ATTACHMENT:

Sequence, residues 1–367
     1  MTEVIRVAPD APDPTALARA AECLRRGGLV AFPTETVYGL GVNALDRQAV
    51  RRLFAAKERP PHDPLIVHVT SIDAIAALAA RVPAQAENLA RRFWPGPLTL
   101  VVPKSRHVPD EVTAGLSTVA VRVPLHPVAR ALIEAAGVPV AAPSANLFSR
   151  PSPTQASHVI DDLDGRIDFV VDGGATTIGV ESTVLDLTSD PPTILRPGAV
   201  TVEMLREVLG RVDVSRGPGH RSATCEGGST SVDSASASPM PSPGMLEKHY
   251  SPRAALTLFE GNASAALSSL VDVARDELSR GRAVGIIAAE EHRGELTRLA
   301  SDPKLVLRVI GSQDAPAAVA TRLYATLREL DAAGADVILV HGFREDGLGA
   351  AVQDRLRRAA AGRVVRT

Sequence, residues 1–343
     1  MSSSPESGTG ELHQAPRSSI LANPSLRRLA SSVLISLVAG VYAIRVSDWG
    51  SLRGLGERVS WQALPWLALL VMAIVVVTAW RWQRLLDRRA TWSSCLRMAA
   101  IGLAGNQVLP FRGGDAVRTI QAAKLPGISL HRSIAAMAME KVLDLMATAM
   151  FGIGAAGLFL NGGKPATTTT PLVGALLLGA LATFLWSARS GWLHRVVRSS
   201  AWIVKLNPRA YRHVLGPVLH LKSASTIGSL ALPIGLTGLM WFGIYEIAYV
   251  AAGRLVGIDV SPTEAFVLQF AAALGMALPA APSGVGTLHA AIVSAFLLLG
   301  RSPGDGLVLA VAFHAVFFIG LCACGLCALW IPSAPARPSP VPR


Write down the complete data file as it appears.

Sequence, residues 1–367
     1  MTEVIRVAPD APDPTALARA AECLRRGGLV AFPTETVYGL GVNALDRQAV
    51  RRLFAAKERP PHDPLIVHVT SIDAIAALAA RVPAQAENLA RRFWPGPLTL
   101  VVPKSRHVPD EVTAGLSTVA VRVPLHPVAR ALIEAAGVPV AAPSANLFSR
   151  PSPTQASHVI DDLDGRIDFV VDGGATTIGV ESTVLDLTSD PPTILRPGAV
   201  TVEMLREVLG RVDVSRGPGH RSATCEGGST SVDSASASPM PSPGMLEKHY
   251  SPRAALTLFE GNASAALSSL VDVARDELSR GRAVGIIAAE EHRGELTRLA
   301  SDPKLVLRVI GSQDAPAAVA TRLYATLREL DAAGADVILV HGFREDGLGA
   351  AVQDRLRRAA AGRVVRT

Sequence, residues 1–343
     1  MSSSPESGTG ELHQAPRSSI LANPSLRRLA SSVLISLVAG VYAIRVSDWG
    51  SLRGLGERVS WQALPWLALL VMAIVVVTAW RWQRLLDRRA TWSSCLRMAA
   101  IGLAGNQVLP FRGGDAVRTI QAAKLPGISL HRSIAAMAME KVLDLMATAM
   151  FGIGAAGLFL NGGKPATTTT PLVGALLLGA LATFLWSARS GWLHRVVRSS
   201  AWIVKLNPRA YRHVLGPVLH LKSASTIGSL ALPIGLTGLM WFGIYEIAYV
   251  AAGRLVGIDV SPTEAFVLQF AAALGMALPA APSGVGTLHA AIVSAFLLLG
   301  RSPGDGLVLA VAFHAVFFIG LCACGLCALW IPSAPARPSP VPR